Submitted: 08 July 2019 | Approved: 21 August 2019 | Published: 22 August 2019
How to cite this article: Chouaib N, Jidane S, Lekhlit M, Belkouch A, Nebhani T, et al. Management of Ischemic Stroke during cardiac catheterization: A case report and review of literature. J Clin Intensive Care Med. 2019; 4: 040-041.
Copyright: © 2019 Chouaib N, et al. This is an open access article distributed under the Creative Commons Attribution License, which permits unrestricted use, distribution, and reproduction in any medium, provided the original work is properly cited.
Stroke following coronary interventions is a devastating and most dreaded complication with signiβicant morbidity and mortality. Various factors have been ascribed for this complication including the technical errors . A small percentage of strokes are iatrogenic, including those associated with invasive cardiac procedures. According to the literature, it is a rare complication of left heart catheterization . Percutaneous coronary intervention is increasingly used to treat patients with diffuse atherosclerosis, acute coronary syndromes and even high-risk patients such as low ejection fraction . The authors describe a patient who underwent percutaneous coronary intervention in the context of inferior infarction, which was complicated by ischemic stroke during cardic catheterization.
A 60-year-old man, with a personal history of dyslipidemia, was admitted to hospital’s emergency room with chest pain squeezing type, continuous, radiating to left shoulder. On admission, his pulse was 120 bpm, BP was 94/66 mmHg. Rest of general examination was normal, and the admission electrodardiogram (ECG) revealed sinus rhythm with ST elevation in anterior segment. A brief echocardiogram showed no left ventricular hypertrophy, preserved global systolic function, and akinesia of septal wall and akinesia in apex and adjacent segments. We decided to perform urgent cardiac catheterization. Angioplasty showed acute occlusion of more than 20 mm along the average anterior interventricular artery with the presence of an intraluminal thrombus at this level and absence of antegrade flow. The establishment of two stents at this artery was successful and resumed downstream revascularization. Immediate neurologic consultation showed that the patient was awake but aphasic, with poor verbal expression. Moderate right hemiparesis was observed. The National Institutes of Health Stroke Scale (NIHSS) score was 3. An urgent cranial computed tomography (CT) scan was performed immediately due to suspicion of cerebral infarction. CT showed neither intracranial hemorrhage nor obvious parenchymal hypodensity, but spontaneous hyperdensity suggestive of occlusion of the right middle cerebral artery was observed, thus confirming the diagnosis of ischemic stroke. The decision not to thrombolyse was made. A repeat cranial CT scan 24 hours after confirmed a left temporal infarction. The NIHSS score was two days after. The patient was discharged after five days.
Neurologic complications are infrequently associated with diagnostic cardiac catheterization, but may be devastating to the patient and the family. The reported frequency of clinically apparent stroke ranges from 0.03% to 0.38% [3-5] while the reported frequency of silent stroke may be much higher, up to 15.5% The recent shift to more frequent catheterization of older patients with severe coronary disease has led to the need for more emphasis on the determination of risk factors for catheterization-associated cerebral infarction, as well as its prevention, rapid diagnosis and treatment.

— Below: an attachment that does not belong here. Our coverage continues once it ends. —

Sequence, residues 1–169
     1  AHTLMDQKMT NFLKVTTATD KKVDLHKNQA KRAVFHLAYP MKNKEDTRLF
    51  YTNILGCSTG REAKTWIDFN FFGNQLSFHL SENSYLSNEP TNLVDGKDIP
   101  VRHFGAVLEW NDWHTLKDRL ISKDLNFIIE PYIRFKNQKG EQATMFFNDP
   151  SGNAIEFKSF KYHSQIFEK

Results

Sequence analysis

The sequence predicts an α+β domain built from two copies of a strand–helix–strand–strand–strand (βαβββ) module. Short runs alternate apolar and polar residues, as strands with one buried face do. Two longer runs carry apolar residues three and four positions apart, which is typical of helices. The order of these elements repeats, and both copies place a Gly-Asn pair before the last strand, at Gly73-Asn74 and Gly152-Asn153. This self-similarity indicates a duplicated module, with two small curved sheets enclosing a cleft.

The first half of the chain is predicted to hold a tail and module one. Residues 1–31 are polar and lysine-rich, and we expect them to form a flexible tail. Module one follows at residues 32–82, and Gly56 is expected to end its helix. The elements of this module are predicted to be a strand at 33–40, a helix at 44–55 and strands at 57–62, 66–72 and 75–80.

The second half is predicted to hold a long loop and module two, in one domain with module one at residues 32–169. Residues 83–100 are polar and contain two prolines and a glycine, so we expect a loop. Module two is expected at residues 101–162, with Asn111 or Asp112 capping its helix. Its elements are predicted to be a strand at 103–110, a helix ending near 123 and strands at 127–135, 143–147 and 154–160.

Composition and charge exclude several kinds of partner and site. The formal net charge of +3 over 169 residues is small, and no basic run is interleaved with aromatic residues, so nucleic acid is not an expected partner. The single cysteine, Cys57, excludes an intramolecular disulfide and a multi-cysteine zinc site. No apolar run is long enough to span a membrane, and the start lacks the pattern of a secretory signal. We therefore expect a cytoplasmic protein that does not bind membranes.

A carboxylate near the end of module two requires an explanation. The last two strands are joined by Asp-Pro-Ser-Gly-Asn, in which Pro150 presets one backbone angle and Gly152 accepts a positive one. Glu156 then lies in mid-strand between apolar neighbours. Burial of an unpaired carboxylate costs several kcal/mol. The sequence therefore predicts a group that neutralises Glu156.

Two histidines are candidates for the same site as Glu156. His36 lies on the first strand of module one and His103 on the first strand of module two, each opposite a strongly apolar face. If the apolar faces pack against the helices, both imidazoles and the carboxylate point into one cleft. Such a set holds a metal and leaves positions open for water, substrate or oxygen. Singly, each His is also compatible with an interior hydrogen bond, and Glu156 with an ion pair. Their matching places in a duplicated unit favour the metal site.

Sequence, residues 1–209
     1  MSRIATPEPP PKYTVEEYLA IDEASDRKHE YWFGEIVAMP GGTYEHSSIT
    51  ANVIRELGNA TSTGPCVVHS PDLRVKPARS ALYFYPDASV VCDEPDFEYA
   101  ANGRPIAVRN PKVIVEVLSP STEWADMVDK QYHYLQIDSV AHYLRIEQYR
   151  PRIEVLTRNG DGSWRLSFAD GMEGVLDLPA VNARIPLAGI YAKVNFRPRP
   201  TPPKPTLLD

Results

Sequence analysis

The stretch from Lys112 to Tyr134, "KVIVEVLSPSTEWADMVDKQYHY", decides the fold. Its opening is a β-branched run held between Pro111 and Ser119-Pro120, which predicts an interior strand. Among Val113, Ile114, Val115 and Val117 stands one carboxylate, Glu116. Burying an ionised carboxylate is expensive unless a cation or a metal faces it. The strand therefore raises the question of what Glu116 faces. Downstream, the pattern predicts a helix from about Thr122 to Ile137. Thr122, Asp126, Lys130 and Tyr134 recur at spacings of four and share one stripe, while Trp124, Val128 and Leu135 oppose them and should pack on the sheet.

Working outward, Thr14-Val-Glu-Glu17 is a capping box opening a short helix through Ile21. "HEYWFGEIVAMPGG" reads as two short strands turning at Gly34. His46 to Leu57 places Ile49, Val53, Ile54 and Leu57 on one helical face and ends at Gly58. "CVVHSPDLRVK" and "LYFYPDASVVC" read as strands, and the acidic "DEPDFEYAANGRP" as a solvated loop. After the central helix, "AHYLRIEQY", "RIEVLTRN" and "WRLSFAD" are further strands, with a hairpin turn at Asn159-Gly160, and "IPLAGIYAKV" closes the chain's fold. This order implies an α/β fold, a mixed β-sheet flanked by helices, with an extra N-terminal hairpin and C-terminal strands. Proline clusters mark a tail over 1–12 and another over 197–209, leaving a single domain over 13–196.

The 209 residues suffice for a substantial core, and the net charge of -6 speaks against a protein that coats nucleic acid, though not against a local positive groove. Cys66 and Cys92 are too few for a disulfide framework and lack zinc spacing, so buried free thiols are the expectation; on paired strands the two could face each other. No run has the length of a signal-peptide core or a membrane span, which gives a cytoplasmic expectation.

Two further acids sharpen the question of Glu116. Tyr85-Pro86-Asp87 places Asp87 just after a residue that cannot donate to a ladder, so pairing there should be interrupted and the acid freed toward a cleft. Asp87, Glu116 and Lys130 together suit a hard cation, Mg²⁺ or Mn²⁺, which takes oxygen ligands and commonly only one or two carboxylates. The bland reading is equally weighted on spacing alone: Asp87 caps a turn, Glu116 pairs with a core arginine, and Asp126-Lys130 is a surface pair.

Blumer was amongst the first to extensively discuss the importance of embolism as a complication of cardiac infarction. He stated that mural thrombi are common following cardiac infarction, and that fragments may detach and produce embolic phenomena . Strokes among patients with acute coronary syndromes enrolled in the Organization to Assess Strategies for Ischemic Syndromes (OASIS) I and II studies were associated with six-month mortality rates of 27% . Routinely used thrombolytic agents and anticoagulants are associated with the cholesterol embolization syndrome . Dukkipati et al., found that cerebrovascular events were more common in patients with pre-existing hypertension, diabetes, and renal insufficiency . Approximately one-third of all strokes occur within 24 hours following admission, whereas about two-thirds occur in the first week after the myocardial infarction . Thrombolysis has been established as an effective treatment for acute ischemic stroke, but its benefit and risk for ischemic strokes specifically in the cardiac catheterization setting have not previously been investigated. Bleeding risks of thrombolysis might be increased after cardiac catheterization, owing to the recent invasive procedure and the concurrent administration of antithrombotic medications .
Antithrombotic medications administered during the cardiac catheterization procedure might influence the decision to treat with thrombolytics. Heparin, if associated with a prolonged a PTT, is a contraindication for intravenous rt-PA in the standard protocol . However, heparin is routinely administered in intra-arterial thrombolysis cases. Therefore, intra-arterial rt-PA or mechanical revascularization might be a consideration in this situation, depending on the dose and timing of heparin received .
This case describes a rare complication who underwent percutaneous coronary intervention in the context of inferior infarction, which was complicated by ischemic stroke and discuss the problem of use thrombolic agents and anticoagulants.
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